Mountains are strange that way. One or two flakes in front of you. An impassable white-out blizzard another 5000 feet away, on the other side of the impassable chasm. I’m exaggerating, but I’m trying to make an analogy, you know, like when hell freezes over, that kind of thing. I love the snow, being from Minnesota and all, but the analogy I’m thinking about involves our Blessed Mother showing the Fatima kids a vision of hell, with souls falling into hell like snowflakes in a blizzard. Snowflakes are so very delicate, beautiful, seeming immaculate in their wispy crystalline designs, but destined, in this analogy, to drop inextricably into an ever more violent eternal vortex of hateful violence and despair. But, just think, before dropping in, if only they had a chance to go to Confession, and then they wouldn’t drop down at all. Having said that: here’s a wild article on mercy and confession that was just published in the Catholic News Herald for the Diocese of Charlotte:

Father George David Byers: A Missionary of Mercy hears confessions in the strangest of places (Catholic News Herald – March 2016) 

This Missionary of Mercy confesses to you that I haven’t always followed to the letter the canon law of the Church, namely Canon 964, which states that “the proper place for hearing sacramental confessions is a church or oratory” and that “except for a just reason, confessions are not to be heard elsewhere than in a confessional.” I have been very broad in my interpretation of a “just reason.”

Scaling particularly deadly mountain walls with friends, or other similarly intense moments, has never been an occasion for me to hear a confession. However, as any priest, I do recall terrible traffic accidents when absolutions were provided. We’ve all heard confessions in hospitals and rehabilitation centers, as well as in nursing homes and assisted living centers. But those are to be taken for granted.

Some venues for confessions might be considered strange by those who just can’t imagine themselves confessing in such circumstances, but others are less inhibited. I’ve frequently heard confessions in the midst of rushing crowds in airport concourses or train stations, outside supermarkets or on street corners. Cars and trucks and parking lots are most favored, but so are walking confessions, which make their way along city sidewalks or country roads.

A house, a barn, a dog kennel, a chicken coop … any place will do. Mercy is available everywhere.

The fact of someone wanting to go to confession is a “just cause” for not using a confessional, even when a confessional is right at hand. Sometimes the sacristy is better for any number of reasons. In some places, women’s confessions were traditionally heard in “the box,” while men’s confessions were heard in the sacristy.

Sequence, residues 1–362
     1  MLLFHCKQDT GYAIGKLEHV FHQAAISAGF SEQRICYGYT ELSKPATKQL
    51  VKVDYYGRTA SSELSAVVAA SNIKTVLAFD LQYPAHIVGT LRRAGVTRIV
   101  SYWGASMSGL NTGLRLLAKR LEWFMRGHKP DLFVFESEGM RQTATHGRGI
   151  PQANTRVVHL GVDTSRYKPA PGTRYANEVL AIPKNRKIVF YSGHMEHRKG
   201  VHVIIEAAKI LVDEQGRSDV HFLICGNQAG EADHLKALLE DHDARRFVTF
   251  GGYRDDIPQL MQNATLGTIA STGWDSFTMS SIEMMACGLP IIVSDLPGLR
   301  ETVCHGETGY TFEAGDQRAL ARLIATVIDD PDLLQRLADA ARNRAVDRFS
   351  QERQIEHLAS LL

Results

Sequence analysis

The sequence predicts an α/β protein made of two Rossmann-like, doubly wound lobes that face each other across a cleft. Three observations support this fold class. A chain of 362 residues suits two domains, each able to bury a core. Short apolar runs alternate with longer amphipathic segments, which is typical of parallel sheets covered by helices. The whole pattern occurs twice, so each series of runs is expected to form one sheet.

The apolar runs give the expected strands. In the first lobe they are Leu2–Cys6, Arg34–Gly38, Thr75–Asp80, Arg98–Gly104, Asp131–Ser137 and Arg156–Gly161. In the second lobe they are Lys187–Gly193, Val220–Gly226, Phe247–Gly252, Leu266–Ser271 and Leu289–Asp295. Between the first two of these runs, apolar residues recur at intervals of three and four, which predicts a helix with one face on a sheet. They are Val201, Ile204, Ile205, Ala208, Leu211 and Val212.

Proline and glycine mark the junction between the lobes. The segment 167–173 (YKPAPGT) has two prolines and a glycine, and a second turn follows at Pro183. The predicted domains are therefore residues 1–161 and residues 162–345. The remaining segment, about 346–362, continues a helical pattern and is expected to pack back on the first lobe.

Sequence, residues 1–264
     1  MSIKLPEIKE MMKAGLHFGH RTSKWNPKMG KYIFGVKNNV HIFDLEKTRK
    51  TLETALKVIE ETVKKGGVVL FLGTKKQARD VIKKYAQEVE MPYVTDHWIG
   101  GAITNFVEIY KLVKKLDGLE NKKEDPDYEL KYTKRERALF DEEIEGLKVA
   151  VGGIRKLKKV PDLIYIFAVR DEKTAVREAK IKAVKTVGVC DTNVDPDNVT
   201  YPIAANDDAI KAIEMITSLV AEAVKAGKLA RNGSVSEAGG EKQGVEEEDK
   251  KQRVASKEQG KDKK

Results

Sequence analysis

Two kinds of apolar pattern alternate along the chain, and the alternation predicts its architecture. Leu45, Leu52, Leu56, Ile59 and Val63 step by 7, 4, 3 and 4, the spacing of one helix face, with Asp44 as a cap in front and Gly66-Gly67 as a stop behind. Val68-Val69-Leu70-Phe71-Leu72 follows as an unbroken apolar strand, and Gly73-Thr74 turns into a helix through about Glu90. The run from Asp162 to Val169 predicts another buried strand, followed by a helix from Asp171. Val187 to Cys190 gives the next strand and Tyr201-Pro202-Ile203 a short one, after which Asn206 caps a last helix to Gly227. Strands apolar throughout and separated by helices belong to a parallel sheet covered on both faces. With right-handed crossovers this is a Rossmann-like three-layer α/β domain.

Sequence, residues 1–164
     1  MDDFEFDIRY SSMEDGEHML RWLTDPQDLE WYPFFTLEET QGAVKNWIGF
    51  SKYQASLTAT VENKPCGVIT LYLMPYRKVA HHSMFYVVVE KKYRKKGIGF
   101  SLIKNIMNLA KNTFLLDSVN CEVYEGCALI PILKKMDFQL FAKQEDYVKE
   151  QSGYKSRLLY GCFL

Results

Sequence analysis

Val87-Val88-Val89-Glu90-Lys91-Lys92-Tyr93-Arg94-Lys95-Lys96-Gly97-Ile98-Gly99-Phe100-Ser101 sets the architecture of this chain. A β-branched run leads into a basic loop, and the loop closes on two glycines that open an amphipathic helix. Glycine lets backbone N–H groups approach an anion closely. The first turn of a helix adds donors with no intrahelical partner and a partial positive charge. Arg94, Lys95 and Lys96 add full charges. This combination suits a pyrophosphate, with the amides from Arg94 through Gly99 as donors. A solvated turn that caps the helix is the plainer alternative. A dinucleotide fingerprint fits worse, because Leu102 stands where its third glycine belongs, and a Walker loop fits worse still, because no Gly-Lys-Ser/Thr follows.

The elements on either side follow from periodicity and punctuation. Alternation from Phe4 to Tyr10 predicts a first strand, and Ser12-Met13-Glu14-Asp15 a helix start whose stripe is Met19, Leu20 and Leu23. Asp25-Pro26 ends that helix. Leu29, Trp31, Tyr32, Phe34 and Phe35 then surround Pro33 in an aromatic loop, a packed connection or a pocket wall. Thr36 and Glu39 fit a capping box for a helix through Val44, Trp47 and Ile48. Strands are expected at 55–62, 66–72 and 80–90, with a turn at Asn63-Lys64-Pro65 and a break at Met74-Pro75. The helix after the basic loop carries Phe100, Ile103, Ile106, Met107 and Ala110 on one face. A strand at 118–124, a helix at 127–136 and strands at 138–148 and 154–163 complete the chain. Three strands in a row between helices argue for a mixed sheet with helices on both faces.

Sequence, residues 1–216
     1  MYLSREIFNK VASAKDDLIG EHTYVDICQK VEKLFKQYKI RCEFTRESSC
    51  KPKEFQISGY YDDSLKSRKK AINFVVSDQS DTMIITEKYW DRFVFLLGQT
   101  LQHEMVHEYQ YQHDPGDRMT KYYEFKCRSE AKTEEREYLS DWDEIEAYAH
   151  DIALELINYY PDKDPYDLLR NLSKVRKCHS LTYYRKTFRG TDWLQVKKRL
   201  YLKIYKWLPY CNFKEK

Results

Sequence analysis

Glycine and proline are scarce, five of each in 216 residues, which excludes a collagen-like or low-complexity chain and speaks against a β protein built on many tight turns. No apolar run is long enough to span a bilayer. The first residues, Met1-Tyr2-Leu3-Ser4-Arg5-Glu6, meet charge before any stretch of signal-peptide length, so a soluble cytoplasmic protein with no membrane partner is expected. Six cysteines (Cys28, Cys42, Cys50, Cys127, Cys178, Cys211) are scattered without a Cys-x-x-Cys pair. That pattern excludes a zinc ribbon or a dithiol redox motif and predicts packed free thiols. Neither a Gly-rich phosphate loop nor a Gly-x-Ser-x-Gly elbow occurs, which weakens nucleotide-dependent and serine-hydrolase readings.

Having said this, though, there are limits. Proximity is necessary for the sacrament. No video conferencing. No phones. No radio talk shows. No email or texting or Facebook or Twitter. Not even Snapchat. No sacrilege.

Permit me, though, to bring you to a place to offer your confession so strange that you may not have considered it – not realizing that you have been confessing in this most unheard of place since your very first confession. You’ll need your imagination for this, but only because it’s so real that it’s hard to wrap one’s mind around.

Imagine that when you go into the confessional, to your shock you see that there is someone already kneeling down just starting to confess. It’s Jesus! You kneel beside Him sheepishly, and see your own priest on the other side of the screen. Jesus then starts to confess all your sins as if they were His own. He’s brief and to the point, includes aggravating circumstances and numbers of times for any serious sins. He just enumerates the sins without ambiguity, without excuse. He then concludes: “I accuse myself of all these sins, Father, and I beg absolution and penance.” Your priest then gives you your penance and absolves you, and you go away filled with wonder at the great love of Jesus who, in order to provide the grace of that absolution, stood in our place, taking on the death we deserve because of our sin.

When we confess, we do so alongside Jesus, who steps in for us. But because He does that on a spiritual level, we must be loyal to Him by ignoring any fear, any humiliation we might feel. Instead of looking to ourselves, we look to see His goodness and kindness. That’s a strange place to confess from, alongside Jesus, is it not? And yet, it is all very familiar, for no matter how strange the place is in which we might confess, we are always right next to Jesus, who loves us so very much.

Father George David Byers is administrator of Holy Redeemer Church in Andrews and one of two “Missionaries of Mercy” commissioned by Pope Francis in the Diocese of Charlotte.